…for what I said in the Netherlands. Or at least the reception seemed very warm for me.
What I said, in my keynote talk at Amsterdam’s Classical Music Day. was essentially what I said in Australia in my keynote talk at the classical music summit in Sydney. Our culture has changed; classical music hasn’t kept up with the changes; that’s why classical music is in trouble, why people aren’t going to concerts, why the audience has aged.
Plus, of course, all the signs of hope, all the changes being made in so many places, in so many ways, in response to the crisis. I’ve put my Australia speech into a PDF file, which you’re warmly invited to download. In Amsterdam, I added a couple of things. First, and I think very important, the thought that the movement for classical music change needs to be more focused. The spontaneity we’ve seen so far has been wonderful, and in fact any kind of centralized organization could have killed things, by damping experimentation. How could we know in advance what initiatives would work?
But on the flip side, too many experiments were tried, appeared to succeed, and then were abandoned. Too many changes were tried without any overall strategy, or any goal whose success could be accurately judged. “Getting the audience more involved,” for instance — the goal of one project I did with a major institution — doesn’t really mean anything. “Getting 70 people from the audience to come to discussions after a concert” is an initial success, and can make you feel flushed with success.
But then what? Does the goal then become “Have more sessions with those 70 people, even though you’re not getting anyone else involved?” Or is it “Move outward from the 70 people, get more involved, and think of new forms of audience involvement?” The second is clearly better than the first, but involves lots of thought and hard work. And possibly, discouragement when snags appear, and the first flush of success wears off.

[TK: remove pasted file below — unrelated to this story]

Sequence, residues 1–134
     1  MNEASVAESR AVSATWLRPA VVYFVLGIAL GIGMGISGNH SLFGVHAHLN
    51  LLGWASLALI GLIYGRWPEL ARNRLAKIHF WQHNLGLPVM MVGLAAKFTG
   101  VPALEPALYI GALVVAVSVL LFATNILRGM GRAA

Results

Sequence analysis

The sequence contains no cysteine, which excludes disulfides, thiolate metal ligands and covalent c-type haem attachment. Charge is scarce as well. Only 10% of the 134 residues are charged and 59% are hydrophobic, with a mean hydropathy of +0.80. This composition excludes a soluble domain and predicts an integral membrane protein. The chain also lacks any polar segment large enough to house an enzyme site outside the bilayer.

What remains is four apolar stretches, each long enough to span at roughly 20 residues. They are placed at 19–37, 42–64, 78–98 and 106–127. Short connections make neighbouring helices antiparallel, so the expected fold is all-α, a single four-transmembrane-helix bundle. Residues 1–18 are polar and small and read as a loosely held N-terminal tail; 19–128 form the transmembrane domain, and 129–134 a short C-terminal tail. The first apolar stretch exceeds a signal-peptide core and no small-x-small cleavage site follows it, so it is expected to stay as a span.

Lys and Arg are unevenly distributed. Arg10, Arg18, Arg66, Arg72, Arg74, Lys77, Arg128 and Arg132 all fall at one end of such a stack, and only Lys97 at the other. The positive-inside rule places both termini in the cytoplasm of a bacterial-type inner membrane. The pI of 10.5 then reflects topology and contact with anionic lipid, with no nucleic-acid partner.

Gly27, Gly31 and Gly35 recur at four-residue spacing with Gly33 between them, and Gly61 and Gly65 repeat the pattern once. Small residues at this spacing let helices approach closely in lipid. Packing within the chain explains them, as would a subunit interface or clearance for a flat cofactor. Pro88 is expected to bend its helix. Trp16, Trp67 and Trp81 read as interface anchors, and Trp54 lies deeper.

The first choice, though, was what was actually made, more or less by default, because no one had planned any further. And that meant the program would be abandoned, because, nice as it was, it didn’t lead to any larger change.
Not that I said all that in Amsterdam. My other change from the Australia talk was to hit harder on the meaning of the aging audience. The cause of the aging, I’ve long said, is the failure of classical music to keep up with our wider culture. But some people won’t buy that, and in fact won’t buy that classical music is in any serious trouble at all.
So I suggested that if we weren’t talking about classical music, we’d have no trouble understanding what was going on. I offered the example of model railroading. The age of people who enjoy that hobby has been rising rapidly. So no one in the model railroad world doubts what that means — model railroading has become a hobby of the past, and is likely to disappear. Nobody denies that. But with classical music, all kinds of emotions come into play, so some people may not want to face the facts.
But beyond these raw facts, the model railroad example of course is misleading. Classical music can change, can adapt to contemporary culture. And there lies its salvation.